Ah, that revenue reality. There’s no arguing with it, is there? Now, of course, back when men still wore hats and weren’t nearly as media savvy as they are today, Barney Kilgore, the modern Journal’s pioneering editor and Dow Jones’s top executive, decided the best way to build value—longterm—would to be to zig while others were zagging, to de-emphasize what happened yesterday and give readers, breadth, depth, and scope—greatness. But what he did he know? He only quadrupled the Journal’s circulation to a million.

Anyway, this Speedy thing is a big deal, apparently.

The system is in need of revolution, not reform. We must all think of ourselves as Dow Jones journalists and, at the least, have some comprehension of the life-cycle of a news story and its relative worth to our readers around the world. Not all content demands to be free and our content, in particular, has a value that is sometimes better recognised by our readers than our journalists.

Note the dig at “our journalists.” And “Speedy” (an old Dow Jones system for quickly sending stories to the wire) will now be “Urgent”:

With these objectives in mind, we are sending Speedy to the knackery and saddling up a successor, the URGENT. New nomenclature alone will not generate news, so there must also be basic changes of principle and practice at the Journal. A guide to the new system will be published next week and we are aiming to launch on April 15. In coming days, please raise any relevant issues with your bureau chief or editor. There is much angst-ridden, vacuous debate about the fate of American journalism – this is an important practical measure to secure the long-term future of journalists at Dow Jones.

It’s true. I am a little angst-ridden, but I’m going to take a calming ujjayi breath, strike a Warrior Two pose, and explain a few things:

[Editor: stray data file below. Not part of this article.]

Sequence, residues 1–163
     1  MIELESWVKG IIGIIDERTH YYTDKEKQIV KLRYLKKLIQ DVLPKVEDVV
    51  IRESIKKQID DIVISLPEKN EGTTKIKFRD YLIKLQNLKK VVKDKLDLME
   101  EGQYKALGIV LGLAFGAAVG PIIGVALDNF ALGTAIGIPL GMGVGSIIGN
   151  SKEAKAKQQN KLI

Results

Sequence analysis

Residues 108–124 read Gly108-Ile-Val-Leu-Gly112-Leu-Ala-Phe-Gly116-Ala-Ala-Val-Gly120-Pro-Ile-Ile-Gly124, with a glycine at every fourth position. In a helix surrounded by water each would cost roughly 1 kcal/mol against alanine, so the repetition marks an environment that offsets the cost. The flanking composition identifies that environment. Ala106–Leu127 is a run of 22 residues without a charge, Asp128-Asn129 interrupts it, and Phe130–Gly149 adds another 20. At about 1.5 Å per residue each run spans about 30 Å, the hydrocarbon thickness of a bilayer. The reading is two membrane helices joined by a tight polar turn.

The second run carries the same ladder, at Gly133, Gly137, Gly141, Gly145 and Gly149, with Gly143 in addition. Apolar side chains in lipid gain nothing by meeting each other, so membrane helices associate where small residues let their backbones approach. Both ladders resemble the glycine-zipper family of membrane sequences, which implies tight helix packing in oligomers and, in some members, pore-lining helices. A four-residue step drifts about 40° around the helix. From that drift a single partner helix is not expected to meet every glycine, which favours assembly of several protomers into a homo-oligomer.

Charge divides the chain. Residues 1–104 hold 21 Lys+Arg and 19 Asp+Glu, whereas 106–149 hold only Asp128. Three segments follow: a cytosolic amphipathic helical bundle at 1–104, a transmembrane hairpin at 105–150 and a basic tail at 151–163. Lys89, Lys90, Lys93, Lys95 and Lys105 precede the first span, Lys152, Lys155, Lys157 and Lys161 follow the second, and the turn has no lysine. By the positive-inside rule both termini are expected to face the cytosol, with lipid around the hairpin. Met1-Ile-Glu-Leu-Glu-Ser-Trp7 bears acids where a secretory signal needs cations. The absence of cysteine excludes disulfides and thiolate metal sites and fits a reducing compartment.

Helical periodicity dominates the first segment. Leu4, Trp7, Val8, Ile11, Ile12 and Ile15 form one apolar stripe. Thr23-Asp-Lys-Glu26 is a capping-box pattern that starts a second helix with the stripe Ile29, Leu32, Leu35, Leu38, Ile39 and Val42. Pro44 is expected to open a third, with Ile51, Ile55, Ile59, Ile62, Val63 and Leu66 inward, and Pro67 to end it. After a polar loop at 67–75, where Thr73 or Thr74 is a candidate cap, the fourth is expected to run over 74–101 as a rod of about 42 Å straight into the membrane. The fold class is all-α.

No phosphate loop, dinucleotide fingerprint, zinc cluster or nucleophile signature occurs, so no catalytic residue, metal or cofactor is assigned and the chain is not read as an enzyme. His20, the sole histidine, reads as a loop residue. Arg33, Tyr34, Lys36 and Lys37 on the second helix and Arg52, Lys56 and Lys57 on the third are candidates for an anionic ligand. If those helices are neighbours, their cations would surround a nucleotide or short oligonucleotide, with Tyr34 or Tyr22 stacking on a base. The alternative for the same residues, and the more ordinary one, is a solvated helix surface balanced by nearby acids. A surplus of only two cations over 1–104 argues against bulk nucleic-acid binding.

First, Thomson needs to stop taking sophomoric digs at his staff. That’s our job.

Second, any implication that Journal writers are lolling around, not working hard enough, and don’t share Thomson’s sense of urgency about the crisis in newspapers is a joke. If they worked any harder over there there’d be nothing left but a few pools of butter on the newsroom floor.

Third, you’re talking about squeezing a toothpaste tube here. Nothing is for free. You want scoops, political news, international news, you lose something else. Cranking up the newsroom hamster-wheel is what news organizations in trouble have always done. No one has demonstrated that it works. It is also the bureaucratic response. It is easy to measure words, exclusives, stories per reporter, etc. It’s harder to measure greatness.

Fourth, Murdoch and Thomson have to get over their own conflicts and angst about the property Murdoch bought and Thomson now runs. What gave the Journal its value was, first and foremost, by a long shot, its legendary Page One. The paper’s greatness was the reason Murdoch wanted it in the first place, even while—as Wolff’s biography of Murdoch makes clear—resenting it. If Murdoch saw the value in scoops, he would have gone after Reuters. But he didn’t, did he?

Fifth, I predicted all this.

Sixth, I wonder what the old Dow Jones crowd must be thinking.

Not to mention the News Corp. director/aspiring opera singer appointed to represent the Bancroft family, Dow Jones’s former controlling shareholders who had inherited special “Class B” shares designed to help them preserve the Journal’s “independence and integrity” but sold the paper anyway.

Maybe someone should wake up Dow Jones’s “special committee” on editorial integrity, the Maytag repairmen of the media industry.

Seventh, while the staff is running around Speedy-ing things, we’ll never know what readers gave up in return for all those 200-word items about pharma industry talks and whatnot.

OAKLAND, Calif. — On the eve of the 1986 leveraged buy-out of Safeway Stores Inc., the board of directors sat down to a last supper. Peter Magowan, the boyish-looking chairman and chief executive of the world’s largest supermarket chain, rose to offer a toast to the deal that had fended off a hostile takeover by the corporate raiders Herbert and Robert Haft.

“Through your efforts, a true disaster was averted,” the 44-year-old Mr. Magowan told the other directors. By selling the publicly held company to a group headed by buy-out specialists Kohlberg Kravis Roberts & Co. and members of Safeway management, “you have saved literally thousands of jobs in our work force,” Mr. Magowan said. “All of us — employees, customers, shareholders — have a great deal to be thankful for.”

Dean Starkman Dean Starkman runs The Audit, CJR's business section, and is the author of The Watchdog That Didn't Bark: The Financial Crisis and the Disappearance of Investigative Journalism (Columbia University Press, January 2014). Follow Dean on Twitter: @deanstarkman.